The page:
Elm Staff Writer
If anything, stir fry cooking is a great way to add nutritious vegetables to your diet. By themselves, they are bitter and tasteless, so creativity is required; enter the wok.
The wok is a traditional cooking vessel originating from China, and can be one of the most versatile gadgets in your kitchen. It’s all the benefits of cast iron (if the wok is iron), but lighter and flexible. You can steam, fry, boil, and — provided you remove the wooden handle — bake with it. If this article should convince you of anything, it’s to spend the twenty five dollars at Redner’s and invest in the wok.
Here is a list of ingredients to make a basic, flexible chicken or vegetable wok dish:
* Soy sauce
* Two vegetables of your choice
* One chicken breast, fresh
* Kosher salt
* Ground pepper
* Spices and sauces of your choice
Starting with the marinade, mix one tablespoon of soy sauce into a bowl that contains your chicken. Add a hint of salt and pepper, and from here, the marinade can be a mixture of anything you desire. Taste diversity is encouraged: sweet, spicy, tangy, hot — anything.
In my mixture, I use a teaspoon of jalapeño sauce, a teaspoon of erythritol (a sugar substitute), a tablespoon of sweet and sour sauce, and pinches of Jamaican jerk rub, and sesame seeds.
Next, your chicken. You’re at liberty to salt brine the chicken for any amount of time before hand, but one of the best parts of this dish is the quick convenience of time it gives you. Cooking this won’t take longer than 10 minutes, unless you make a terrible, terrible mistake. Soak your chicken in the marinade for about 10 minutes before cooking.
Cut up your ample amount of vegetables. An example of two common vegetables would be snow peas and sliced red pepper. Wash these vegetables and then dry them off thoroughly to avoid sparking the oil when heated.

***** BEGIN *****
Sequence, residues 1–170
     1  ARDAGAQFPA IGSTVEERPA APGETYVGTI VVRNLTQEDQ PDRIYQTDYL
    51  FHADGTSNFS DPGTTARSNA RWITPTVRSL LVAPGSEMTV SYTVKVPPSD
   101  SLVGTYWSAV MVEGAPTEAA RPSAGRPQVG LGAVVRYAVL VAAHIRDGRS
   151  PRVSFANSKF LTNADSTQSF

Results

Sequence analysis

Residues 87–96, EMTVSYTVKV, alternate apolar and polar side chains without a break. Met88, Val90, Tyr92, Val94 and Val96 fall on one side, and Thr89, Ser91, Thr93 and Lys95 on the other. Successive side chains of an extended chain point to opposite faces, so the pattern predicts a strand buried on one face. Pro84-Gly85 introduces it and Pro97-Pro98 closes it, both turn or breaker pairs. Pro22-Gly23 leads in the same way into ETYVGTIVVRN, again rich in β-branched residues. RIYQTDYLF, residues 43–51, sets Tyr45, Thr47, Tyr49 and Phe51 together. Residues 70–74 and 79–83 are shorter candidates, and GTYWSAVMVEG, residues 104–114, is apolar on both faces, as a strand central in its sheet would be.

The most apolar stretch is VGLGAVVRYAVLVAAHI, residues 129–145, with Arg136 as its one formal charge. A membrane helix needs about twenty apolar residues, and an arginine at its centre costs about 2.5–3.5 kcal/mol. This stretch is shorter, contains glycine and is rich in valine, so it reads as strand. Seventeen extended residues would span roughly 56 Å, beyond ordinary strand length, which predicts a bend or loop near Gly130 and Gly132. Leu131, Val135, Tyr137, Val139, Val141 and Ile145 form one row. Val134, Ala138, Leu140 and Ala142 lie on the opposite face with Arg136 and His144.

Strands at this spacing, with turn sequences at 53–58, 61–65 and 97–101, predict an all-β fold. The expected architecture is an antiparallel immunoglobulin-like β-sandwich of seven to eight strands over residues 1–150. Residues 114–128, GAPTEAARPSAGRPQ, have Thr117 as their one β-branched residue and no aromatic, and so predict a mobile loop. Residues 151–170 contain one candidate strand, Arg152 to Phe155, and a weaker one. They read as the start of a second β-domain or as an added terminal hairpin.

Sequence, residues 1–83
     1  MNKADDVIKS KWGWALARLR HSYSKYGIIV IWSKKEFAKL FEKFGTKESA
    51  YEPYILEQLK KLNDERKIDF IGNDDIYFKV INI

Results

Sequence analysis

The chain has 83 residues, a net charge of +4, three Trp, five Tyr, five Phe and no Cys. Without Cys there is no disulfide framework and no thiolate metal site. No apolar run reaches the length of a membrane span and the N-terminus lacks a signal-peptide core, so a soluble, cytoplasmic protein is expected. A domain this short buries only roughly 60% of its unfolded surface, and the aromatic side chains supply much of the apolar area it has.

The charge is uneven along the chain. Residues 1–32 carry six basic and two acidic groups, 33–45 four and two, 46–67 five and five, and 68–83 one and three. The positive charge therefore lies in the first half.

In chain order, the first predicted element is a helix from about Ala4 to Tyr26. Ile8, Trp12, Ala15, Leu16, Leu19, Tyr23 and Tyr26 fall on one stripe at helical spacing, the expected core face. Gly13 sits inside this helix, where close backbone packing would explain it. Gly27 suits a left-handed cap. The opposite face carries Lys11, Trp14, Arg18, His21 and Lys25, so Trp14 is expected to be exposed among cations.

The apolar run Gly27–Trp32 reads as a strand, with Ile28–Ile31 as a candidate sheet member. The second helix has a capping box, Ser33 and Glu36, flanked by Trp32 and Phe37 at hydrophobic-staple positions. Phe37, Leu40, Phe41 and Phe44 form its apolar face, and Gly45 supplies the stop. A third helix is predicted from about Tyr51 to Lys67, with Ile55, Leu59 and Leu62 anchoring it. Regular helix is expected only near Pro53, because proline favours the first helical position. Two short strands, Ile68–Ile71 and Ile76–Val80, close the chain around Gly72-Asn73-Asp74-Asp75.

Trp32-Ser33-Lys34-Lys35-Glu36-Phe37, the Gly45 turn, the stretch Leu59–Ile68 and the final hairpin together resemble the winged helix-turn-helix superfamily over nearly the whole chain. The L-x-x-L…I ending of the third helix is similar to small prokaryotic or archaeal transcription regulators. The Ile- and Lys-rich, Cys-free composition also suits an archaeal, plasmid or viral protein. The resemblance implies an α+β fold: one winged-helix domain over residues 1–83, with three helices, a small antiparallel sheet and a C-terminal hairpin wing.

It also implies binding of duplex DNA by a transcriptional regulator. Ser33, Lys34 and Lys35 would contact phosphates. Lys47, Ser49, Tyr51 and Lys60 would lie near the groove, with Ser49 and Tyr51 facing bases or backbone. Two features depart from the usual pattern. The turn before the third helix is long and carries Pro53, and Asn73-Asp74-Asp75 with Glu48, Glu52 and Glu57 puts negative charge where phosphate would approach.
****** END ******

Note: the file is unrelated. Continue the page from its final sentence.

Important: make sure to never combine water with heated oil. The water will spark the oil and a fire may break out if enough water is added.
Heat the wok on high heat until smoke starts to come off the bottom. Then add one tablespoon of cooking oil, ideally one with a high smoking point like canola or peanut. Add the first batch of vegetables, and cook for one to two minutes while they sear and blister. Once they’re completed, add oil and cook the second batch for the same amount of time. The existing oil will start to gain the flavor of the vegetables, enhancing the taste of the chicken to come.
Once all the vegetables are done, add the chicken carefully to avoid oil spitting out. The chicken will need the most caution, because it can quickly burn if neglected. The less oil in the wok, the higher chance of burning and smoke there will be. However, adding too much oil will essentially be deep frying. Be strategic with the oil.
Once the chicken is cooked well, add all your vegetables to let the flavors meet and greet each other. Keep this for about two or three minutes, and then you are almost done. Carefully scoop the content out of the wok and avoid draining any oil into your dish. Push your wok off to the side, and let it cool until the oil is safe to dispense. Mix your food into a dish, and dig in.